Beak of the Finch

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Guiding Question:  What mechanism changed the beak of the finch over time?

 

Directions:  Gather evidence from this page to support your claim.  You may not use any other webpages or sources.  Organize your evidence in a Claim Evidence Reasoning poster on the whiteboard.  

Step 1)  Gather Evidence
Step 2)  Make a Claim
Step 3)  Justification of Evidence


Evidence

 

Finch Data (Google Sheet) - click here

Band refers to an individual's identity; more specifically, the number on a metal leg band it was given. Species name is Geospiza fortis, which is the medium ground finch. Sex is indicated as male, female, or unknown. The reason for the "unknown" category is that males start their lives looking like females; after one or more years they molt into a plumage with some black feathering that indicates they are males. The heading "first adult year" refers to the year after the individual hatched from an egg. The heading "last year" refers to the last year of that individual's life. Fifty individuals did not survive beyond 1977, the year of the drought, whereas 50 survived to 1978 and later years. The next six columns provide the morphological measurements of individuals in the group that died in 1977 and in the group that survived. Weight is in grams; the other measurements are in millimeters. Tarsus is part of the leg.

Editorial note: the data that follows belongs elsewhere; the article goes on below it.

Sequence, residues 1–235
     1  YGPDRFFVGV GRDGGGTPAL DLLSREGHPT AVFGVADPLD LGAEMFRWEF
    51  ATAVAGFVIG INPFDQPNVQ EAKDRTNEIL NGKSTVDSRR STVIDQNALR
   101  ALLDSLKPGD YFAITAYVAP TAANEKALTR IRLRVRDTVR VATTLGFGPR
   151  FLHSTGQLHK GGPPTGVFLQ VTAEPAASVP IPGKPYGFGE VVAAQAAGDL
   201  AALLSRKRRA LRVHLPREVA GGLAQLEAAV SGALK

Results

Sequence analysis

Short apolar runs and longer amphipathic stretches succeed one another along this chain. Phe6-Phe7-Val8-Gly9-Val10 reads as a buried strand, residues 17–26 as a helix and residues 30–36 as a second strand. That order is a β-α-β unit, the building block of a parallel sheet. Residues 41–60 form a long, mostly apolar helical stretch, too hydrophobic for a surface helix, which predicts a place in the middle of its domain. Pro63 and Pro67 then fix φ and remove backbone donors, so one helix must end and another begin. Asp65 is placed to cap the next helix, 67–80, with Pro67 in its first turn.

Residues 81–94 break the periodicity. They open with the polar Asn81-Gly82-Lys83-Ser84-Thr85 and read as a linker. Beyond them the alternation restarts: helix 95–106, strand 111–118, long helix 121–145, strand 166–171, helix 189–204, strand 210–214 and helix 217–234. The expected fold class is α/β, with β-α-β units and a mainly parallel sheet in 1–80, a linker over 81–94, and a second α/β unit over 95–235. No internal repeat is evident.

Mean (average) beak depth of medium ground finches on Daphne Major from 1976 to 1985. 

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